In Harry Potter and the Prisoner of Azkaban, everybody gets something their heart desires — a godfather, a friend, freedom, and flight — everybody, that is, except for Snape. In Severus Snape and the Prisoner of Azkaban, if you track only what Snape sees, the story gets much darker. The reader learns that Sirius and Lupin don’t want to kill Harry, and Lupin’s lies to Dumbledore have more to do with shame than conspiracy. But Snape is still traumatized by how the Marauders used to treat him, and he is unconscious for some of the explanations that the kids hear. For much of the book, Snape genuinely fears that Lupin and Sirius have a joint plan: to build Harry’s trust in Lupin, lure him outside the castle while Lupin is transformed, and kill him the way they nearly killed Snape when he was a student.
That would explain why Snape is incredulous when Harry, Ron, and Hermione don’t seem grateful to him for saving their hides from Sirius and Remus. As for Snape’s screaming fit in front of Fudge in the Hospital Wing, if you look closely, you can see Dumbledore conveying to Snape that he has the situation under control, and Snape agreeing — resentfully — to let Fudge think that he is unbalanced. A close reading also reveals that Dumbledore was neither angry nor surprised when Snape told the Slytherins about Lupin’s lycanthropy. Dumbledore is disappointed in Lupin, who withheld crucial information and endangered the students, not Snape. By taking it on himself to out Lupin, making it look like an act motivated solely by the hostile “I told you so” urges of a nasty, petty man — not a difficult performance, surely — Snape was distracting people from justified criticism of Dumbledore’s judgment in hiring a werewolf who could not, as it turned out, remain completely safe around Hogwarts students.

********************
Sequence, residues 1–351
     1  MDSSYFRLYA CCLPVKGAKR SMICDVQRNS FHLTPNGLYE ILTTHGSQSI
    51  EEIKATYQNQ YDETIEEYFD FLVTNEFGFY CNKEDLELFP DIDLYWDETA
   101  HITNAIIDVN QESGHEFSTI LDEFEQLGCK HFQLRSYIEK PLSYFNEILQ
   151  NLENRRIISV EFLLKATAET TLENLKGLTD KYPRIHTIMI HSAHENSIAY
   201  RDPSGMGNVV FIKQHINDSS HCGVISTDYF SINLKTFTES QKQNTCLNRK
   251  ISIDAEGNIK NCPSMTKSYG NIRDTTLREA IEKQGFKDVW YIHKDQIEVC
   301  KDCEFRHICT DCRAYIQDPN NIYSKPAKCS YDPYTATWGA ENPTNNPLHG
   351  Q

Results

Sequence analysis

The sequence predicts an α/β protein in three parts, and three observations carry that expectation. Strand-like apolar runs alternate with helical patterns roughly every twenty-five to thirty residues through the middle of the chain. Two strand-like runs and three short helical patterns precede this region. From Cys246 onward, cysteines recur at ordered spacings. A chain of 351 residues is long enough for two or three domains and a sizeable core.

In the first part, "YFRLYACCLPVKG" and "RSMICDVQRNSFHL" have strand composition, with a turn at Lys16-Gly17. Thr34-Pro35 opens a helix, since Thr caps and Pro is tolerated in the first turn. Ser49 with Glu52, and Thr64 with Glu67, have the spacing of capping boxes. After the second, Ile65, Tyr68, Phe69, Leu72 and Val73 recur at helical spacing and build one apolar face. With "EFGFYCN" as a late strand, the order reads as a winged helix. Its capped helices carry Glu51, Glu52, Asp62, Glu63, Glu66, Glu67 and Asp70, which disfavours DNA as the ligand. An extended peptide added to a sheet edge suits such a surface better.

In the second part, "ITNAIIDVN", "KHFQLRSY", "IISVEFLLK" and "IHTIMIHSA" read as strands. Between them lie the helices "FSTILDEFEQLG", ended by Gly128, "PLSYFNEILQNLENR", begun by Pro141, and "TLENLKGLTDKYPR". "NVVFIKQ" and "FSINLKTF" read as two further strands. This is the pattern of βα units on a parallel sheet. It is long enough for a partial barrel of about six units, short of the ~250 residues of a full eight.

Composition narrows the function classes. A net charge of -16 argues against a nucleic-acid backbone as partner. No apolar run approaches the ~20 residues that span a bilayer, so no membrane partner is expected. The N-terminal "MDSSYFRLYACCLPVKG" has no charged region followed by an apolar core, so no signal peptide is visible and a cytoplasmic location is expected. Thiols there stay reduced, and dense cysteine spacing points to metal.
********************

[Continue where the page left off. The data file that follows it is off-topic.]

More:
Severus Snape and the Goblet of Fire shows Snape undergoing a second adolescence of sorts, his body changing as his Dark Mark intensifies. By the end of the year, he has grown into the adult form of his second chance in life, his double agency.
Severus Snape and the Order of the Phoenix shows a man spread too thin, being all things to all people. A close read of the Occlumency lessons shows that he teaches them in dead earnest, trying to hold back nothing from Harry while guarding against Voldemort, who is watching everything through Harry’s scar.